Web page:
We face a multifacited labor crisis. One of the most important aspects of this crisis is the U.S. economy’s diminishing capacity to provide employment. This development is highlighted in the chart below, which shows the trend in civilian employment over the last thirty years. Civilian employment includes all individuals who worked at least one hour for […]
Subjects Archives: Labor
Alexandra Day reviews Silvia Federici’s seminal work, Caliban and the Witch: Women, the Body and Primitive Accumulation.
Indonesia’s trade unions and social movements are taking to the streets against anti-worker legislation.
Hundreds of thousands of workers and students in Indonesia have taken to the streets in a powerful wave of strikes and demonstrations opposing the enactment of a new set of laws that would dramatically weaken the rights of the working class and environmental protections.
For 52 years—from 1936 to 1988—the Democratic Party pledged support for the achievement of full or maximum employment.
We need strong unions, all of us. Tragically, even during the pandemic, businesses continue to aggressively resist worker attempts at unionization. And recent decisions by the NLRB only add to worker difficulties.
At a time when unemployment is skyrocketing in the U.S. and millions of out-of-work Americans have been abandoned by the federal government, it may be of interest to consider how an earlier generation responded to an even greater crisis, the Great Depression (1929-1936).
The current economic crisis has hit workers hard. Unemployment rates remain high, with total weekly initial claims for unemployment insurance benefits continuing to grow.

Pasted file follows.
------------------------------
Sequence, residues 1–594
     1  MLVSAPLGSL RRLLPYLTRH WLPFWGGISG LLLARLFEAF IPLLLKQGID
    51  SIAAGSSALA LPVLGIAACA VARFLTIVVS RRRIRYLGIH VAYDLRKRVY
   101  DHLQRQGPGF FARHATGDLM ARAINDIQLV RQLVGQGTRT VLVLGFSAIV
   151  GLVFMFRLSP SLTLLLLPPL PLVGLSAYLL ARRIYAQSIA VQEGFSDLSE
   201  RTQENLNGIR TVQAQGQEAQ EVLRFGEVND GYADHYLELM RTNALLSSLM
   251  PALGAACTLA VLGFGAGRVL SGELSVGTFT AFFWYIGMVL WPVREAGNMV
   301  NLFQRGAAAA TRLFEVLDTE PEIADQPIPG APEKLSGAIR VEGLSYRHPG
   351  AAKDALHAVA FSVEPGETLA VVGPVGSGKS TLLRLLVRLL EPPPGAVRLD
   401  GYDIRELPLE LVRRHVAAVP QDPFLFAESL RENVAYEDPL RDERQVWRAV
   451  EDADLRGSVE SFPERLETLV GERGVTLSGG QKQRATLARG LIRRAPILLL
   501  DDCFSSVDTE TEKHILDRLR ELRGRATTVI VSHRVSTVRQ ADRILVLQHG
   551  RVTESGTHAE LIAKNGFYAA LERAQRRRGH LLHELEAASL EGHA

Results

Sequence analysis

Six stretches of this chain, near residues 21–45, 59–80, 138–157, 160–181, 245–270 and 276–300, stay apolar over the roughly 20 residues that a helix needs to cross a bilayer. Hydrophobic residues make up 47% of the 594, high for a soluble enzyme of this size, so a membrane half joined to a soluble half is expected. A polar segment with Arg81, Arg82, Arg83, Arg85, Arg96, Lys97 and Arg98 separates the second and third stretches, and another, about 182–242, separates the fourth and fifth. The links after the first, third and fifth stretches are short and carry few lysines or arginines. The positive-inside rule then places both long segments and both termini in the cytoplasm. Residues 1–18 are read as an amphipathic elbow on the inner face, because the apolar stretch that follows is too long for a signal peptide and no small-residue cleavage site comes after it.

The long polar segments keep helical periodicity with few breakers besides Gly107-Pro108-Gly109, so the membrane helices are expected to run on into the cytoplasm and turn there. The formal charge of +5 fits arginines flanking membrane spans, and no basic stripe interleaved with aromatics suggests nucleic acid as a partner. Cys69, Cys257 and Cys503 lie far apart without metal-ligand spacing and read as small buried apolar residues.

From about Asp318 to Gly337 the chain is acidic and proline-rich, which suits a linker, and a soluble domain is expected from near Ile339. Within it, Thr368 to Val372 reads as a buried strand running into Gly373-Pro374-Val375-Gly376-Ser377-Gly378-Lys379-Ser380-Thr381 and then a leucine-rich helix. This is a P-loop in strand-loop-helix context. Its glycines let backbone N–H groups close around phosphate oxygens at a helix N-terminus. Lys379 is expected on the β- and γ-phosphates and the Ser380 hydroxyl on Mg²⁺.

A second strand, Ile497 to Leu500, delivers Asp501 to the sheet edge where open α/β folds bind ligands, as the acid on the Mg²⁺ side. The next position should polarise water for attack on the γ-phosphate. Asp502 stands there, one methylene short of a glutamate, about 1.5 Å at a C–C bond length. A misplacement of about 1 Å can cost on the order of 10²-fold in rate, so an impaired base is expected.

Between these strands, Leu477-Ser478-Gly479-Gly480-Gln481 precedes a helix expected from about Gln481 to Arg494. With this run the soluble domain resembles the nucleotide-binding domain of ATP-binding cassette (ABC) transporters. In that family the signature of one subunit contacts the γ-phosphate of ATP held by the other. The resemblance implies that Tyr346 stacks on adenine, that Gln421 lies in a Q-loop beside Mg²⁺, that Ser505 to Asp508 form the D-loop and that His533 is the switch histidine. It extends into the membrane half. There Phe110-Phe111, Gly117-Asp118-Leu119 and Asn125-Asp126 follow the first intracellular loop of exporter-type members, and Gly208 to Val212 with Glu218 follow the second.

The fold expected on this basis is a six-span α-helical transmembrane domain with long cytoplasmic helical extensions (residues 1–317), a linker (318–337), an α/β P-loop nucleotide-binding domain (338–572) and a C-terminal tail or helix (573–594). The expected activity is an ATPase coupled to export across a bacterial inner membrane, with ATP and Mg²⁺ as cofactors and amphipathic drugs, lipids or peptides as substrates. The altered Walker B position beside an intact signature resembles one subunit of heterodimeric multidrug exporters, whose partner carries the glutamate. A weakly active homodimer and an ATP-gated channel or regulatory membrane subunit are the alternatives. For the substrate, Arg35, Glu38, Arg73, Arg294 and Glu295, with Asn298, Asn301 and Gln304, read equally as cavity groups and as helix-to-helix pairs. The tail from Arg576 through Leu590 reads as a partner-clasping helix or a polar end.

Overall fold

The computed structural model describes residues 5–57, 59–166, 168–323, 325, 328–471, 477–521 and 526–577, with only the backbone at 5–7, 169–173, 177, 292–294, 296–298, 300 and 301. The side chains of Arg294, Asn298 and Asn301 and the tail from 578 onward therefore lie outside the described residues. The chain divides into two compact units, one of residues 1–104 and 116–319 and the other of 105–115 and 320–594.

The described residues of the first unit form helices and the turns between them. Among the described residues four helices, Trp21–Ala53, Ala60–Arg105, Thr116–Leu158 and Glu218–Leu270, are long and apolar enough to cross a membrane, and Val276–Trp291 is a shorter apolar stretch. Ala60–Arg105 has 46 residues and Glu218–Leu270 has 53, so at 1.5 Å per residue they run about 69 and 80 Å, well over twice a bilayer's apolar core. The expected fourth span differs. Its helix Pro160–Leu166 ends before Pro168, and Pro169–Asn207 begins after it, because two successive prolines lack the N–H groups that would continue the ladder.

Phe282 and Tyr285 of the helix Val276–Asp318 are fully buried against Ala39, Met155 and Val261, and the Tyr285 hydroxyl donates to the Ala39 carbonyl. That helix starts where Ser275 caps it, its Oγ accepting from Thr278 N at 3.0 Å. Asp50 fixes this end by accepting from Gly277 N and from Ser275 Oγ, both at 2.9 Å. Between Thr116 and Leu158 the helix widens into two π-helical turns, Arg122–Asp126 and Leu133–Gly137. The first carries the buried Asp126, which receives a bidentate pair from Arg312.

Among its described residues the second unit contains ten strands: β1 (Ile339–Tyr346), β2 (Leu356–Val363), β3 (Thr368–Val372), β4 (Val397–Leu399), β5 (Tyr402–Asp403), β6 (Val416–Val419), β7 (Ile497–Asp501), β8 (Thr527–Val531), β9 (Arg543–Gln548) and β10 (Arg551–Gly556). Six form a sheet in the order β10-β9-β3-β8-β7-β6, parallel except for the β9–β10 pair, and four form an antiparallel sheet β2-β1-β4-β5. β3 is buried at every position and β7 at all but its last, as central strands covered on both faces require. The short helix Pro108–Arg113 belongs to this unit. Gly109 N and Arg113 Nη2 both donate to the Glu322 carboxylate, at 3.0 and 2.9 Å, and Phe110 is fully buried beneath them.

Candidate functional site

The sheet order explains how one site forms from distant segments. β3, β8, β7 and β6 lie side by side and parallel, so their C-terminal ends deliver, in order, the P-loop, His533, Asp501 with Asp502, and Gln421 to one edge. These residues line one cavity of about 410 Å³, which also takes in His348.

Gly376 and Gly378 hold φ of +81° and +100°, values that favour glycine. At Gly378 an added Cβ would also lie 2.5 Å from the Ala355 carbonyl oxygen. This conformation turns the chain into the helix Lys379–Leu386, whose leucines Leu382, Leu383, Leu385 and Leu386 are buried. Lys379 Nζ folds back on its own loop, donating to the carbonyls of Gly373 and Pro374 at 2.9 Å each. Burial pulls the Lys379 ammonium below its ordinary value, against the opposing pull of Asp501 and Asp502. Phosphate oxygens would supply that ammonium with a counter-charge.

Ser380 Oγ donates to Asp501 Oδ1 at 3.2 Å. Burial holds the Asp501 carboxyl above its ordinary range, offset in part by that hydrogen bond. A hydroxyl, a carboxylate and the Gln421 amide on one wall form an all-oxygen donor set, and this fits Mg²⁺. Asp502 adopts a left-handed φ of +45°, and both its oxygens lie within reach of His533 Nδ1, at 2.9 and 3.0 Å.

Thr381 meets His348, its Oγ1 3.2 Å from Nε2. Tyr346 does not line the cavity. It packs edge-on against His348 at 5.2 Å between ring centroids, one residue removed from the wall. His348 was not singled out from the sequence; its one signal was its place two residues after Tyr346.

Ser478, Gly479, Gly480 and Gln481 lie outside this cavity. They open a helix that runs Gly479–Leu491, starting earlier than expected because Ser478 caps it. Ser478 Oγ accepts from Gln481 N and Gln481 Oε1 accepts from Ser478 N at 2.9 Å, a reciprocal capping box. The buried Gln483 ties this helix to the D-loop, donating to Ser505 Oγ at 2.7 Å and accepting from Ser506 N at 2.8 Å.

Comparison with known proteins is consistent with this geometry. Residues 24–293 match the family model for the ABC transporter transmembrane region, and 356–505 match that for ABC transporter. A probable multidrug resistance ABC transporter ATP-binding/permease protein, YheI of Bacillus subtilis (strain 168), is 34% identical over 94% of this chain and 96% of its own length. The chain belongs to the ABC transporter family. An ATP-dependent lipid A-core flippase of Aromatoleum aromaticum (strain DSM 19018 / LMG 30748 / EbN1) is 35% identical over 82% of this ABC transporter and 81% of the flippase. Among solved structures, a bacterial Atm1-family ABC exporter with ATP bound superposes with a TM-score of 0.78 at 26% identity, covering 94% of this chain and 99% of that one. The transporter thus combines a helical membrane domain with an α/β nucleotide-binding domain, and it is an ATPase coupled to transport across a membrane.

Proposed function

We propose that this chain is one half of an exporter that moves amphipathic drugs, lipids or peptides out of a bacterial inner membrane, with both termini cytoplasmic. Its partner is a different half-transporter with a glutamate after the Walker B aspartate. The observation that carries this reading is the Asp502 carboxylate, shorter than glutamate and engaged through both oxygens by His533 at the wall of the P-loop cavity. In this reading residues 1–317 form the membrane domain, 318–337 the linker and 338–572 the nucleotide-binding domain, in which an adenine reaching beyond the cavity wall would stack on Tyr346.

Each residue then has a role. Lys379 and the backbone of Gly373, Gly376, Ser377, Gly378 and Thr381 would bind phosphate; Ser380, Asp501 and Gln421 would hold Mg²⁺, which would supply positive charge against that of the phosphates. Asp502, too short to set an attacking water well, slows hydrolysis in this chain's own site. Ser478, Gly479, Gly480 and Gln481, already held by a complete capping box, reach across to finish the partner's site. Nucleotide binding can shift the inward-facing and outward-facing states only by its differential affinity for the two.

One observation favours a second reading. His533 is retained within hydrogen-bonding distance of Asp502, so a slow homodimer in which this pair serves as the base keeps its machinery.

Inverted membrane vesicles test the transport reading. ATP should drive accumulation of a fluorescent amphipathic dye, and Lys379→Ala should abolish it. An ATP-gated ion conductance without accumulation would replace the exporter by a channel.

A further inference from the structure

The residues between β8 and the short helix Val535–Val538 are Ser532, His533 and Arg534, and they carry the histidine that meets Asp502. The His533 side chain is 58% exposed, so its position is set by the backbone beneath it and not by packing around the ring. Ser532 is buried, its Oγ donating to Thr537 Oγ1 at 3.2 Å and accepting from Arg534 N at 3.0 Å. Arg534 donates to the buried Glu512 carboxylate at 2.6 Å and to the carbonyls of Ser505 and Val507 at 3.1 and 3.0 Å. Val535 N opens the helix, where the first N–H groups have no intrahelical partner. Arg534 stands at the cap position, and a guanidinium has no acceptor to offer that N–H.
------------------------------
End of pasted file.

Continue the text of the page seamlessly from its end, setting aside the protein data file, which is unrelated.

The number of continued claims for unemployment compensation, while below its peak, rose from the previous week and was more than 29 million American workers—a figure that includes workers receiving Pandemic Unemployment Assistance.
The ruling class always tries to divide the working class. We must make certain that the working class is not divided internally and we can draw on the past to find examples of working-class organizations that have actively worked to generate a cohesive and class-conscious membership.
Mary Filippo began in 2004 to audit economics classes in the hope that she could “learn something about globalization. Does it really help people in developing countries? What are its downsides?” She did not learn these things.
The U.S. economy is undergoing a major transformation largely driven by the coronavirus pandemic. One hallmark of that transformation is the explosion in what is called “remote” work.
The American economy gained 1.8 million jobs last month, even as the coronavirus surged in many parts of the country and newly reintroduced restrictions caused some businesses to close for a second time.
All told, 54.1 million American workers have filed initial unemployment claims during the past nineteen weeks.
World leaders like Trump and Johnson trying to get back to business as usual while the virus continues to spread are deliberately sacrificing public health, writes John Clarke.
Mikael Lyngaas argues that post-work theorists ranging from Bob Black to Srnicek and Williams are utopian socialism for the current era.
Unemployment insurance laws were developed prior to the widespread use of contingent faculty, and were designed to prevent K-12 teachers and full-time college professors from collecting unemployment during scheduled term breaks and summer vacations when they weren’t teaching. In nearly all states, these laws are being used to prevent adjuncts, who have since become the […]
Lear Corporation—one of the world’s largest auto parts manufacturers—rose to position 148 on Fortune magazine’s famous list of the 500 largest firms in 2018. It operates with roughly 148,000 workers spread across 261 locations.
The 2270-strong Productive Workers’ Army has recuperated 14 state-run firms that had been run into the ground.
Yesterday morning, the U.S. Department of Labor (pdf) reported that, during the week ending last Saturday, another 1.3 million American workers filed initial claims for unemployment compensation. That’s on top of the 48.7 million workers who were laid off during the preceding fifteen weeks.